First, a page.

WASHINGTON — For the second time in as many months, Congress has moved toward extending for 45 days legislation that allows U.S. financial aid to the Palestine Liberation Organization.
The House of Representatives passed the measure last week before adjourning for its summer recess. The Senate is expected to act before it leaves this week or next.
With many lawmakers already on vacation and senators preparing to leave, Congress has run out of time to consider a new version of the Middle East Peace Facilitation Act that would extend PLO aid for an even longer period.
A new piece of legislation will now have to wait until September.
The measure, first passed after the signing of the Declaration of Principles between Israel and the PLO in 1993, waives previous laws that prevent U.S. contact with — and assistance to — the PLO.
Without another extension before Aug. 15, U.S. diplomats could not meet with Palestinian Authority officials, the PLO office in Washington would have to close and no U.S. money could flow to the self-rule areas of Gaza and Jericho.
Against this backdrop, all eyes were initially focused last week on the State Department Authorization Bill in the Senate as the vehicle for the legislation.
Sen. Jesse Helms (R-N.C.), who had introduced a new version of the Middle East Peace Facilitation Act along with Sen. Claiborne Pell (D-R.I.), included the measure as an amendment to the broader legislation being debated last week.
However, Helms was forced to pull the entire legislation off the floor when Republicans could not muster support for a technical vote that would cut off debate on the authorization bill.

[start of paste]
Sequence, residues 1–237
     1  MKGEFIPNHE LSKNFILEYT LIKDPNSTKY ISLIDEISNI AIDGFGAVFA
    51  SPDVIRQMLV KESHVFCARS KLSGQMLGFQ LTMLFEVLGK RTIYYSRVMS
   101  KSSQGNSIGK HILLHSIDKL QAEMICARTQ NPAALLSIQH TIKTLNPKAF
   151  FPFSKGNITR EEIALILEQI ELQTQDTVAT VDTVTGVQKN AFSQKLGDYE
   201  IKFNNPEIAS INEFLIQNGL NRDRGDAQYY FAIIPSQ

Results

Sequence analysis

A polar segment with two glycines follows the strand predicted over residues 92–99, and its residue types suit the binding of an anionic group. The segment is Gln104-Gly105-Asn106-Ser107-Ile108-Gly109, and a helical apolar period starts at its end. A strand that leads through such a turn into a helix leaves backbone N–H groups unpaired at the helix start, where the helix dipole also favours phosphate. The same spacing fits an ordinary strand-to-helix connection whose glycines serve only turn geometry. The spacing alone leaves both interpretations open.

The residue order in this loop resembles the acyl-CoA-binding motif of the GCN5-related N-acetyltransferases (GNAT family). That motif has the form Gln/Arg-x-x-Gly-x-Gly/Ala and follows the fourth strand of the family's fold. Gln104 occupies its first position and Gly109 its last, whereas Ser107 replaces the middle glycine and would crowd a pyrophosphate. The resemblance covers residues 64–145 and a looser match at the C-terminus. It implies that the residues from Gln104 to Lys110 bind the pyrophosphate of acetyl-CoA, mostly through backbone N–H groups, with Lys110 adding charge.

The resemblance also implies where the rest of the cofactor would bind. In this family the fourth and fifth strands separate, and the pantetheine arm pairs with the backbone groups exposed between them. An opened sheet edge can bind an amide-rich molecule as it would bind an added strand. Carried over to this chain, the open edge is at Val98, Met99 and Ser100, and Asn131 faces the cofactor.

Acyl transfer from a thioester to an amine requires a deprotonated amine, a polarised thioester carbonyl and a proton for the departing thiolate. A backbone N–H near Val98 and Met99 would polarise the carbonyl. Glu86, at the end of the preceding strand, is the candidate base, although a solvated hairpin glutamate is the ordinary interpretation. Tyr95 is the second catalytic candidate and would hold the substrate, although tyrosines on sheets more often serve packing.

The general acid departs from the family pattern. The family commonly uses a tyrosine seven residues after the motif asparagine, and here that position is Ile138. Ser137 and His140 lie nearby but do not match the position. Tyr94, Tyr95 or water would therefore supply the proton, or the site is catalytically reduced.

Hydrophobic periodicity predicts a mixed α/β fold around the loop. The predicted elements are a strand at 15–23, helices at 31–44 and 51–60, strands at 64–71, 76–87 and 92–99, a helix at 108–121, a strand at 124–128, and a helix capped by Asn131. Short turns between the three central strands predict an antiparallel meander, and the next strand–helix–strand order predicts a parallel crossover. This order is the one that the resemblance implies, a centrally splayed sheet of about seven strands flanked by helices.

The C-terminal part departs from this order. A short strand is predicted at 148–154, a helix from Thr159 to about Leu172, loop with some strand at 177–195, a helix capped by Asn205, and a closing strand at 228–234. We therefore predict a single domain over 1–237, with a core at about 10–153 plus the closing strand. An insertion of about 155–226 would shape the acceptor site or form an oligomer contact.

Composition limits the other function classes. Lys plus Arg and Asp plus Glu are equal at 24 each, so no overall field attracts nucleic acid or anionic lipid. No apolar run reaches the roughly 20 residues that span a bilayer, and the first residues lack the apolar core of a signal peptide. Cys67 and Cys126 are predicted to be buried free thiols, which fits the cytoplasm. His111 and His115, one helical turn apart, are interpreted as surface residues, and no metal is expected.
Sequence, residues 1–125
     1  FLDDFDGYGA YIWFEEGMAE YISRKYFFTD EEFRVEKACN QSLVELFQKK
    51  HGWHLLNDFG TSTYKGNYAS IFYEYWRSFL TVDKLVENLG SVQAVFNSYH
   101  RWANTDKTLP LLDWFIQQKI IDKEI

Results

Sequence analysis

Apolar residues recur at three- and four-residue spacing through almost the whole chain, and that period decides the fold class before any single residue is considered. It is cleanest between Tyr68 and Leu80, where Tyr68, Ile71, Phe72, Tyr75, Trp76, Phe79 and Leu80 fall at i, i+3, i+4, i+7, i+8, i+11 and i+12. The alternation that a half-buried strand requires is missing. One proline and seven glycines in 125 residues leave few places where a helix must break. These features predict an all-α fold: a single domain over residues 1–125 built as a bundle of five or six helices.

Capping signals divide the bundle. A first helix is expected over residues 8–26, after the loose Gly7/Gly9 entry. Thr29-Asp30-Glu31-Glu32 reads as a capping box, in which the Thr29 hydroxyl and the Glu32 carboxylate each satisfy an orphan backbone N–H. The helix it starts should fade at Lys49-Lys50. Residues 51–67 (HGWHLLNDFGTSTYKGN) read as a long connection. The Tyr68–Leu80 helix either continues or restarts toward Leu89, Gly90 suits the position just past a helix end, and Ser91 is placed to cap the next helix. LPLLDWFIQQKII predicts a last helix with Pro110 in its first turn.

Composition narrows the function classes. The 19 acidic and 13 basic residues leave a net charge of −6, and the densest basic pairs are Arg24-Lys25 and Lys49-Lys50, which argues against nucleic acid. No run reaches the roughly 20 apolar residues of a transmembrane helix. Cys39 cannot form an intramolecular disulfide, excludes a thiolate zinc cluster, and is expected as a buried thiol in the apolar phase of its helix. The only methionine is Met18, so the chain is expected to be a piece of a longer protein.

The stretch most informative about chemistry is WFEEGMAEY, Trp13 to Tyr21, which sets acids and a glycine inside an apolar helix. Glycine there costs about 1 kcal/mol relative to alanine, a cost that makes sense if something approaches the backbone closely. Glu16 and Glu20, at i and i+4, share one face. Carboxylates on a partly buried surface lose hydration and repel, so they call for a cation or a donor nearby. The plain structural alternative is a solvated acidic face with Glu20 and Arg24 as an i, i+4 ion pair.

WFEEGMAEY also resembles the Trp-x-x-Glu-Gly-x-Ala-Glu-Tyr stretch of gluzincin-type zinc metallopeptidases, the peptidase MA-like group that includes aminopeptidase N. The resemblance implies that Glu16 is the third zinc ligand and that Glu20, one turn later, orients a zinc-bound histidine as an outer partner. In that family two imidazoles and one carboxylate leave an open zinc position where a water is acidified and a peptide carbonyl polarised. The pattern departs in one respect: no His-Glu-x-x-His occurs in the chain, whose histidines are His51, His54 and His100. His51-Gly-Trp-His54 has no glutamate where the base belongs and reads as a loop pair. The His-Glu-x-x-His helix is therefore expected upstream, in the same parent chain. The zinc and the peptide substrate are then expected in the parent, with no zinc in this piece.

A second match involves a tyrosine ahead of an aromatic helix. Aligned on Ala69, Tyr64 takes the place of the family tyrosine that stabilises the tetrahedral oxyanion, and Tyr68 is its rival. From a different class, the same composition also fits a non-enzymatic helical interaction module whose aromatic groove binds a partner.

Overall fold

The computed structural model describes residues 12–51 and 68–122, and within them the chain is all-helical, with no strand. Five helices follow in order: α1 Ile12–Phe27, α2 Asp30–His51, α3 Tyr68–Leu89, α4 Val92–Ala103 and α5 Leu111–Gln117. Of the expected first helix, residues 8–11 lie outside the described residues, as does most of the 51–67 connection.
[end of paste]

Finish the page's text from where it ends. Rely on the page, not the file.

Most Democrats objected to provisions in the legislation that would fold three foreign-policy agencies, including the Agency for International Development, into the State Department.
The Helms proposal for MEPFA, which tightens some provisions of previous legislation regarding aid to the PLO but essentially enables continued aid, drew widespread support in the Jewish community.
The Conference of Presidents of Major American Jewish Organizations last week announced a "strong consensus" among its 50 national agencies to support the legislation.
"We believe that this version strengthens the compliance provision of the original legislation that set the requirements for U.S. funding to the Palestinian Authority," Leon Levy, chairman, and Malcolm Hoenlein, executive vice chairman, said in a statement.
The American Israel Public Affairs Committee, the pro-Israel lobby, also supports the Helms bill, which gives the PLO until after Palestinian elections to change its national covenant calling for the destruction of Israel.
A few groups, including the Zionist Organization of America, however, have called for tougher legislation.
But both opponents and proponents of aid to the PLO are supporting the 45-day extension.
Robert Pelletreau, assistant secretary of state for Near East and South Asian affairs, strongly urged Congress to approve a short-term extension of the legislation.
"A lapse of authority under the act would be especially detrimental at this critical time," Pelletreau told the House International Relations Committee last week.